July 8th, 2002
I will not argue whether Scott Brokie's ruling was a victory, a partial victory or a defeat for Christians, nor I will argue the ruling from the moral point of view.
I will say, however, that the Brokie's decision was an awful blow to business.
Now there is a precedent where a business, providing a service to the public (few businesses do not), cannot refuse such service without fear.
The Charter of Rights and Freedoms (Section 15) grants a "right to equal protection and equal benefit of the law without discrimination and, in particular, without discrimination based on race, national or ethnic origin, colour, religion, sex, age or mental or physical disability".
The relation between a business and a customer was protected by the Charter and by the law as far as criminal behaviour (for example the Charter protects a black or a handicapped person from being refused at a Hotel, or the law may assist a business in getting paid for a service delivered).
If criminal law had not been infringed, the two parties were regulated through voluntary associations, such as the Better Business Bureau.
Now the Courts have intruded into another aspect of our business: a non criminal behaviour (the refusal of a service) has been criminalized for other reasons (i.e. the conflict between the service requested and the "core values" of the person offering the service).
What used to be normal (a business was free to select its customers according to criteria, such as potential for the future, ability to pay, price, friendship, profit, personal preference, etc.) is now potentially "unlawful".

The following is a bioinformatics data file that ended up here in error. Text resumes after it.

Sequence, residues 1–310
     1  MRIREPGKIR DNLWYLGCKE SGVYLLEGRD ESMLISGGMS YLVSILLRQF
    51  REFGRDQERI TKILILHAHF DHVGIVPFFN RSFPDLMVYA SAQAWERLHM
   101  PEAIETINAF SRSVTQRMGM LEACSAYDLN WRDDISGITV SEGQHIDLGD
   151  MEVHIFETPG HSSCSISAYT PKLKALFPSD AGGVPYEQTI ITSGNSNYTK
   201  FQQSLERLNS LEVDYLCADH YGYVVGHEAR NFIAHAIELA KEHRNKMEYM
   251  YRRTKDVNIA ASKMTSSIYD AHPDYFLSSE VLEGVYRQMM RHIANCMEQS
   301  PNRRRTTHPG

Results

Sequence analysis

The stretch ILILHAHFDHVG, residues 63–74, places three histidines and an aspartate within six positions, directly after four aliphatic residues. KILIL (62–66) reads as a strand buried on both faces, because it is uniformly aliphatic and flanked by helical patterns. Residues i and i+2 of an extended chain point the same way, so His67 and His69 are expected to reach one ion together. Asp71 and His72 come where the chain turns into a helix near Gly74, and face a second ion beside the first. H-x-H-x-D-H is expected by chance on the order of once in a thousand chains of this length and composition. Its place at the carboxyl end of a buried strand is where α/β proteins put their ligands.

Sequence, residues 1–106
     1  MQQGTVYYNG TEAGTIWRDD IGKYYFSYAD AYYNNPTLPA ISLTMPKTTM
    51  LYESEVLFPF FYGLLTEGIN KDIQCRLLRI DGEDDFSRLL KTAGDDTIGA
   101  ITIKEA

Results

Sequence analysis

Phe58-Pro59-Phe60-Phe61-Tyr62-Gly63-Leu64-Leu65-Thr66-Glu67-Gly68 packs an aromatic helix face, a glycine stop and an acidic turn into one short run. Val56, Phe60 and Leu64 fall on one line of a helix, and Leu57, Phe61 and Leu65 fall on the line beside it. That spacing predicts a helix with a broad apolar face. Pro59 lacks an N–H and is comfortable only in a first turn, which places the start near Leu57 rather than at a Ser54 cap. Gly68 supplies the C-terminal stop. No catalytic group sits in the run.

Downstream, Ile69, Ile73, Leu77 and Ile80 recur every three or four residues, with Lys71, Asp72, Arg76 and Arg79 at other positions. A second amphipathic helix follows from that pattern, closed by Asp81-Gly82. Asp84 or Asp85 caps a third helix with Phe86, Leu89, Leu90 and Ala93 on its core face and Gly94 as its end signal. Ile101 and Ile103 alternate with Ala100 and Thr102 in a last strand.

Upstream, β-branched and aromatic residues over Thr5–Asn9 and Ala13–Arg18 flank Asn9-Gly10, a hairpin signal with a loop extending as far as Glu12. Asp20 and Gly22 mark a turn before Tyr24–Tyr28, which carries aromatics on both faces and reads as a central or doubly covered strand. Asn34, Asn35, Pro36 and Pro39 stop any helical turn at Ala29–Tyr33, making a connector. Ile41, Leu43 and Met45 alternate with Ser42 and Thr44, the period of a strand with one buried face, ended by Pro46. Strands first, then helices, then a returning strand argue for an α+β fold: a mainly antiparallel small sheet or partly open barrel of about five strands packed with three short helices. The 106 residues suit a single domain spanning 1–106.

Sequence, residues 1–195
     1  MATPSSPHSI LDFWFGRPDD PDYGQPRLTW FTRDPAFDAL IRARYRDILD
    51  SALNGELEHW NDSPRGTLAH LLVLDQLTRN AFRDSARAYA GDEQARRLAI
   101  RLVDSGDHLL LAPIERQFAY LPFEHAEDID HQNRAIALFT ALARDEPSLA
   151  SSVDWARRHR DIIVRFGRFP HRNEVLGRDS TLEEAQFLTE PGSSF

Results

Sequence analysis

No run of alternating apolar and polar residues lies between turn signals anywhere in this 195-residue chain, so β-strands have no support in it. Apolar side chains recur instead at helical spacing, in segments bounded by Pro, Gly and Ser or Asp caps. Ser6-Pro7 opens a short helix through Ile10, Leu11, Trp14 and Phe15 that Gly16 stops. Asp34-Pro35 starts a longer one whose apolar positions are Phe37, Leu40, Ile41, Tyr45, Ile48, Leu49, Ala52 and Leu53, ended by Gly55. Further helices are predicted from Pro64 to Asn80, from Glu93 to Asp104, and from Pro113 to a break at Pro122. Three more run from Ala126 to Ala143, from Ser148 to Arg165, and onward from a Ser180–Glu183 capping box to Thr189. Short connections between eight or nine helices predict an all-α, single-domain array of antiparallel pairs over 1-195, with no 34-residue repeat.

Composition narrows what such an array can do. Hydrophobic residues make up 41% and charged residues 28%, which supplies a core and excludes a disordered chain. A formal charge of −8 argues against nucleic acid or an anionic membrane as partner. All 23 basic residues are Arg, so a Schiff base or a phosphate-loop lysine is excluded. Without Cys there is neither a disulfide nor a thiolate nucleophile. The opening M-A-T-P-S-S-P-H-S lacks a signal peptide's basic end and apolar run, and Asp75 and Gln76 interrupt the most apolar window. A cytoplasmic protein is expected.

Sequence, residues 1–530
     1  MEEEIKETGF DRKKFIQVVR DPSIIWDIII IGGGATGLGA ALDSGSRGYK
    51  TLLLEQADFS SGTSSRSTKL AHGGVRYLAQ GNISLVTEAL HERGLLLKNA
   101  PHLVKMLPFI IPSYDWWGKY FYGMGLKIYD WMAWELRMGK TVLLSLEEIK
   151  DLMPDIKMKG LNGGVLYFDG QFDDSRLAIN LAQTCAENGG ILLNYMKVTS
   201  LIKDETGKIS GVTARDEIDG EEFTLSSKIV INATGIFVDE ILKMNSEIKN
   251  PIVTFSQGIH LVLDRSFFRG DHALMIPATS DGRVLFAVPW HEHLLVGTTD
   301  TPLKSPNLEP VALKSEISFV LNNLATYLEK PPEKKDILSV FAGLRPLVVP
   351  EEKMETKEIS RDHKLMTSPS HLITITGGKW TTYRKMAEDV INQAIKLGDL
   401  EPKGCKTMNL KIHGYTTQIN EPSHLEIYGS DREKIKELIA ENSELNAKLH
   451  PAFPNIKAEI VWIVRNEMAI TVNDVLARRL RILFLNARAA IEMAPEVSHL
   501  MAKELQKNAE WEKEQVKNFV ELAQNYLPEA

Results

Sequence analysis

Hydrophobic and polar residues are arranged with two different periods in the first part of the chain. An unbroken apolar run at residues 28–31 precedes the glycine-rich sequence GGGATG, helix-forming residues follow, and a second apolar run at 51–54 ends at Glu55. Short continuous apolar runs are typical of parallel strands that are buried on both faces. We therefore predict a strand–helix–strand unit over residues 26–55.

Businesses will have to evaluate whether the refusal of a service based on any criteria could be affecting a group of people enjoying special privileges.
In a dictatorship, such fears are common. A business does not have the luxury to refuse a service to anyone who is related to the regime, a secret policeman, an informer, a politician or any other person enjoying special privileges derived from the power of the dictator.
Now, in Ontario, businesses will have to evaluate whether a customer is potentially an element of special groups, who have super-protection from the government. These groups "must be served" or else a commissioner may appear at your door step.
In case of an argument, another bureaucrat will judge whether there is a conflict between the service requested and the "core values" of your religious beliefs. This person is supposedly going to judge, for each religion, case by case, whether a service could or could not be refused. Do you see government mushrooming to a new level of interference (and cost)?
After going through the courts, Scott Brokie's business lost the $5.000 fine imposed by the OHRC and about $100,000 in legal expenses.
We should not look at this incident in isolation. It is the last in an innumerable series of blows to our freedoms, traditions, values and beliefs. Blows unleashed in the name of tolerance and liberalism by governments devoid of values and disrespectful of individual freedoms.
This type of interference is being legalized under a supposedly "conservative" government. A Liberal or an NDP government would not have made a difference.
I think we should bring down such governments before they bring down our civilization.